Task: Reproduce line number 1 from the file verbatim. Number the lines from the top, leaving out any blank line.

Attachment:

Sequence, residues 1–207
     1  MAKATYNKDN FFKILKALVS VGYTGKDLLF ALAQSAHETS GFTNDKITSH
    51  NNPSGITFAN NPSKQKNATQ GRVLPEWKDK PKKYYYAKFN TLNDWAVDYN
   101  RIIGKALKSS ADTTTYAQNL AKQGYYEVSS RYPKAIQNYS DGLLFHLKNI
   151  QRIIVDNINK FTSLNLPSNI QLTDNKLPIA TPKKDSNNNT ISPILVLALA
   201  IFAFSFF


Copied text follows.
Sequence, residues 1–207